Do success and intelligence go hand in hand?
Have you ever questioned your abilities, your potential or your intelligence when facing a challenge? It is possible that you may even have dismissed an opportunity for fear of your intellectual capacity to reach a goal.
And though the common thought is that success depends on our intellectual capacity, the Nobel Prize winner James Heckman and his team of researchers have proved otherwise in their latest study, in which they tracked intellectual capacity record data, standardized personality tests results and the categorization into different educational levels of hundreds of people in the UK, the USA and the Netherlands.
This way, they established the relationship between these elements and success based on each person’s earnings: the result astonished more than one of them, as only between 1% and 2% of the people assessed had an above-average IQ. The study also found that personality traits such as persistence or curiosity better predict the personal and professional outcomes that people experience in their adult life.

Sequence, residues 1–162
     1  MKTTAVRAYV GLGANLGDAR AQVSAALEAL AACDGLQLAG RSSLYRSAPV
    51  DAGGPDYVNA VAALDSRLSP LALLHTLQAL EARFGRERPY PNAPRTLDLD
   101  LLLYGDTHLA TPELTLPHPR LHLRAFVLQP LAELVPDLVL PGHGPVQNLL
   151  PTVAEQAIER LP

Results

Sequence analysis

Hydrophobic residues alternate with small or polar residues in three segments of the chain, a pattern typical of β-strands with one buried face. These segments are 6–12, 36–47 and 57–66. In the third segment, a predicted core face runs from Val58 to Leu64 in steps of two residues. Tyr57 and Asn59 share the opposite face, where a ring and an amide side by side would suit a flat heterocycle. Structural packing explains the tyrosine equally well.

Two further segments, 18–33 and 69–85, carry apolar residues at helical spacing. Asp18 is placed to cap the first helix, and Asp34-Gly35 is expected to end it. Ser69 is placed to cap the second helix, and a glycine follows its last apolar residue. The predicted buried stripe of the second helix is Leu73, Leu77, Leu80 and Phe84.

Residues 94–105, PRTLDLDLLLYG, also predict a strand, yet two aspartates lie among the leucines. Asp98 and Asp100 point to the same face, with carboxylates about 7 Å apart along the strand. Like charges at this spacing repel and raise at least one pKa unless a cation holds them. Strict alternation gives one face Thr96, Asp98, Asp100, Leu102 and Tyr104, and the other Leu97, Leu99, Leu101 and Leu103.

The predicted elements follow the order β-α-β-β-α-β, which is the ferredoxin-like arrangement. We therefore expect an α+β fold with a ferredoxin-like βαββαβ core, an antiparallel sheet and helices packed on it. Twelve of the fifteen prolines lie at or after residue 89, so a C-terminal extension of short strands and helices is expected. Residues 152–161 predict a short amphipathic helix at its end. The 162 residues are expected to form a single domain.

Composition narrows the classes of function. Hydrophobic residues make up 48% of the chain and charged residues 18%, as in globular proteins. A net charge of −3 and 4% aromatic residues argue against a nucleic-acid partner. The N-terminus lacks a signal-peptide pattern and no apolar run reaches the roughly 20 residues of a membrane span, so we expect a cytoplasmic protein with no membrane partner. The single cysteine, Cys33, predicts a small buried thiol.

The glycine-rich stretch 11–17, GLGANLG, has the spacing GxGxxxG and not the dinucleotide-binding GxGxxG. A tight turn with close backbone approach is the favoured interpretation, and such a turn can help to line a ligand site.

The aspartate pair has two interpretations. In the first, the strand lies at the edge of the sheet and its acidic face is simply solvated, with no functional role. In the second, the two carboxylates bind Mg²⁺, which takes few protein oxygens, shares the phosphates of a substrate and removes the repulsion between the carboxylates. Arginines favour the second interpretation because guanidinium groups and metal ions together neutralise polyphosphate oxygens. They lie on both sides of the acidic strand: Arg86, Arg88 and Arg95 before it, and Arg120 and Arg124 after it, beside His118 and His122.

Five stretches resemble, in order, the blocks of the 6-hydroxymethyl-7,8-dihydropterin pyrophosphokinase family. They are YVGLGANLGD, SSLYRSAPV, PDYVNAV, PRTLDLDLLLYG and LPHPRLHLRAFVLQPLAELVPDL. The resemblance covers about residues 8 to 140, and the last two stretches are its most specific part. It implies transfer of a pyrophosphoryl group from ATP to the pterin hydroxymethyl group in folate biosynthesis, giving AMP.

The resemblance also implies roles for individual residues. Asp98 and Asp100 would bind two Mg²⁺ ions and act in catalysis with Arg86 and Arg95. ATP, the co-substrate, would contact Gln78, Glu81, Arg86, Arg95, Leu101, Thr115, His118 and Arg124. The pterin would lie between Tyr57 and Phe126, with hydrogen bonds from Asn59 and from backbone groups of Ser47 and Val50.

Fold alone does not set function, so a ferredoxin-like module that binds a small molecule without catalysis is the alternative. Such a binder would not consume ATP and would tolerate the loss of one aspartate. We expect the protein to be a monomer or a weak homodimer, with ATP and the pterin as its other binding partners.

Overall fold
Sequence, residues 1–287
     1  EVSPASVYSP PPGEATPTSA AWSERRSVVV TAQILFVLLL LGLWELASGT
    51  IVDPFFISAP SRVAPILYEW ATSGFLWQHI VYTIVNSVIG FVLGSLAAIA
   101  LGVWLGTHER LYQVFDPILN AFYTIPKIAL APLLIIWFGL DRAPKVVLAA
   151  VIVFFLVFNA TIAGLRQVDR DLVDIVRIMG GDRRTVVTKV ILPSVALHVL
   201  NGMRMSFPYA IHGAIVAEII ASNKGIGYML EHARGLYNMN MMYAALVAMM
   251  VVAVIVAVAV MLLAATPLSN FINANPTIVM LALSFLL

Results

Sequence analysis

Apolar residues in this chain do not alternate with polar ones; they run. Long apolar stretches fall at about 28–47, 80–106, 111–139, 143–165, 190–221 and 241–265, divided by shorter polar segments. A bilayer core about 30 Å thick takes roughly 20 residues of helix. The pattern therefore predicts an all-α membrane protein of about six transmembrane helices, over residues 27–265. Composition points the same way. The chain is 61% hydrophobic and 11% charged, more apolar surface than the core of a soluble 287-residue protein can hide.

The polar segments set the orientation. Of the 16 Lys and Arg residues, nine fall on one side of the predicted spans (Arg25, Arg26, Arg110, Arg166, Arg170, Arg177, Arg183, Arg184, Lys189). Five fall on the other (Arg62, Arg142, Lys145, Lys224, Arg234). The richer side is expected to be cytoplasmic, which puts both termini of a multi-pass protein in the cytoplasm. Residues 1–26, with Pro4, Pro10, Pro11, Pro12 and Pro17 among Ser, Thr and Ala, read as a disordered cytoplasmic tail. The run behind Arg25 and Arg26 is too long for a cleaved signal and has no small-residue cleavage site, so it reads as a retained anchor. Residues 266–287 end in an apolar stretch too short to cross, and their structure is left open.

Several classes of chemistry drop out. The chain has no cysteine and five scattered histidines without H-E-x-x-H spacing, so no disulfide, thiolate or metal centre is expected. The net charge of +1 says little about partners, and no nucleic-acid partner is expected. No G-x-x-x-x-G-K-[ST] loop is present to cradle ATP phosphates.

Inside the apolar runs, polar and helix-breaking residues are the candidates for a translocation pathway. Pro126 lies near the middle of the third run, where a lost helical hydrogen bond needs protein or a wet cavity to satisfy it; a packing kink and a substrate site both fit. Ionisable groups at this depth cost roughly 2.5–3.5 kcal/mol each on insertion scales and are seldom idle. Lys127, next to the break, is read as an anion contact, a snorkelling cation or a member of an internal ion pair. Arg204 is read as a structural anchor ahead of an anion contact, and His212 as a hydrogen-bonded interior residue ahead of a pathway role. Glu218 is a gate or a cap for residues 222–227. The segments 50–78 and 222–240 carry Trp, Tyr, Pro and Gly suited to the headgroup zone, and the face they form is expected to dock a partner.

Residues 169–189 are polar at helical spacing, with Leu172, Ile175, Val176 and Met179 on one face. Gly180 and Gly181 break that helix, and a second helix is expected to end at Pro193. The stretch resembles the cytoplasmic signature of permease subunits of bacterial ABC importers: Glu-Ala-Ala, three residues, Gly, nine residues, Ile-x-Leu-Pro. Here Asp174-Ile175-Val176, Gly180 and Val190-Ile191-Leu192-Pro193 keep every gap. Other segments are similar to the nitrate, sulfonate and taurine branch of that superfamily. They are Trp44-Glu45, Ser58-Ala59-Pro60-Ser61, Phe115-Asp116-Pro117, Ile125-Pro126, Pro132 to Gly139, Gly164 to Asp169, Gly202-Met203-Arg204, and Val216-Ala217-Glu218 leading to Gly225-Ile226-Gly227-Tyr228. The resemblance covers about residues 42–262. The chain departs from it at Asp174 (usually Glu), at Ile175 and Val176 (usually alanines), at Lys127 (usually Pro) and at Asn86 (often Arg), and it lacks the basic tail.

Further research by Heckman shows that it is possible to teach people from a young age the skills and habits that are connected with successfulness in adult age, leaving aside the idea that our behaviour is inflexible, as it can adapt to unexpected circumstances and events.
Aim at Behavioural Intelligence!
We define the term “behavioural intelligence” as the ability to think, get energized and respond in an effective way, simplifying the answers, to our surroundings. Studies show that intelligent behaviour is that which is adaptive to the context, meaning that a human being is intelligent when they can differentiate between adaptive behaviours according to each specific environment and function with the appropriate level of behavioural activation, showing different psychological and sociological aspects. In addition, experts claim that the standards of intelligent behaviour are personal persistence, interpersonal coherence and output differentiation.
This article is an invitation to doing some introspective work, through which you can discover your own behavioural profile, decision making, leadership and sales style and motivators through the PDA Assessment, a tool which does not classify behavioural profiles as “good or bad”, but describes the characteristics of each individual person.
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